Film-maker Richard Attenborough dies aged 90

Oscar-winner directed ‘Gandhi’, ‘Cry Freedom’ and ‘Oh! What a Lovely War’

Richard Attenborough, the film director who chronicled the end of British colonial rule in India with his Oscar-winning epic Gandhi and performed in more than 50 films, has died aged 90

Attenborough, who was knighted in 1976, acted in 45 movies before he turned to directing. His 1982 cinematic tale about Indian leader Mahatma Gandhi won eight Academy Awards, including ones for directing and best picture. They were the only Oscars he would win in his six-decade career.

The brother of David Attenborough, the naturalist and documentary maker, made his directorial debut in 1969 with a film based on the musical Oh! What a Lovely War. He followed up with Young Winston (1972), a biography of Winston Churchill's early years, and with second World War drama A Bridge Too Far (1977).

None of those movies stirred the passions that accompanied his 20-year battle to make a film about Gandhi, the charismatic Indian leader who espoused nonviolent resistance and was murdered in 1948 soon after gaining his country's independence.


In 1962, Attenborough met an Indian official in London who urged him to make a film about Gandhi. Though he knew Gandhi had been assassinated, Attenborough was "utterly ignorant as to where he was born, where he had lived or the kind of life he had led," the filmmaker wrote in In Search of Gandhi (1982).

Nonetheless, he was hooked. Over the next two decades, he made many trips to India, winning the approval of prime ministers Jawaharlal Nehru and Indira Gandhi for the project. He gained financing promises from UK and Hollywood studios, independent producers and even an Indian maharajah on the strength of the script.

Nudged aside

All his efforts came to nothing. In the late 1970s, he was nudged aside when director David Lean said he wanted to make the movie. At the last moment, Lean and his would-be scriptwriter backed out and Attenborough was approached again. This time, the stars were favourably aligned: financial backers came through and he managed to cut the five-hour shooting script to 191 minutes.

After years of struggle, shooting began on November 26th, 1980, in India and ended 121 days later. Attenborough was born on August 29th, 1923, in Cambridge, the eldest of three sons. To the distress of his father, a university professor, he bypassed college to attend the Royal Academy of Dramatic Art in London, graduating in 1942. He showed talent as a drama student, winning the part of a deserting seaman in Noel Coward's film In Which We Serve in 1942. He was cast as a hoodlum in Brighton Rock, a Graham Greene play, reprising the role in the film version in 1947.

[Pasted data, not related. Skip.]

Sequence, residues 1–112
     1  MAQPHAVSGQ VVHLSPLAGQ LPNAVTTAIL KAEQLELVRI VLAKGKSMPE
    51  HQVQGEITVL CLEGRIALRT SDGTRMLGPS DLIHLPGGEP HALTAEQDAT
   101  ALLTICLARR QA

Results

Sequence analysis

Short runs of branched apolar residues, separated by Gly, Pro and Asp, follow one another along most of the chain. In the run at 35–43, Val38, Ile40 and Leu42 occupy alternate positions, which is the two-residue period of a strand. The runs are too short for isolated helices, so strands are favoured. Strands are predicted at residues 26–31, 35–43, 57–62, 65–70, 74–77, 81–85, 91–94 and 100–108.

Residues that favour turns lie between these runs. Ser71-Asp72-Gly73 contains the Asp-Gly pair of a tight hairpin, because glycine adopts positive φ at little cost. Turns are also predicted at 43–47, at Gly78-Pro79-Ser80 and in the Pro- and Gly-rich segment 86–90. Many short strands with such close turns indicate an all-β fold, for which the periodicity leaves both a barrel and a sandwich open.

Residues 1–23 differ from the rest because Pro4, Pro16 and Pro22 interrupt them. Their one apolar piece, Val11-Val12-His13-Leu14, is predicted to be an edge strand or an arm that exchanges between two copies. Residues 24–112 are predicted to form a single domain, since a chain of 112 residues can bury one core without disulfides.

While studying drama, he met actress Sheila Sim, whom he married in 1945. They starred together in the original cast of Agatha Christie's The Mousetrap, a murder mystery that opened in 1952 and is still playing in London.

Deft touch

As an actor, Attenborough showed a deft touch in

Private’s Progress

(1956), in which he played a scam artist, and in the satire

I’m All Right, Jack

(1959), which starred Peter Sellers. He also appeared in

The Great Escape


The Sand Pebbles


Doctor Doolittle

(1967) and in two of Steven Spielberg’s

Jurassic Park

movies. Though he received some of his best reviews as serial killer

John Christie


10 Rillington Place

(1971), his acting career tailed off with his growing involvement in producing and directing.

By then, he had produced Whistle Down the Wind (1961) and Séance on a Wet Afternoon (1964). After Gandhi, he went on to direct "Cry Freedom" (1987) – the story of the murdered South African civil-rights activist Steve Biko – and Chaplin (1992), starring Robert Downey Jr.

He served as chairman of the British Film Institute from 1981 to 1992. He is survived by his wife and son Michael, a theatee director, and daughter Charlotte, an actress. Daughter Jane Holland died in a 2004 tsunami while travelling in Thailand.

Attenborough had been in a nursing home with his wife for a number of years. – (Bloomberg)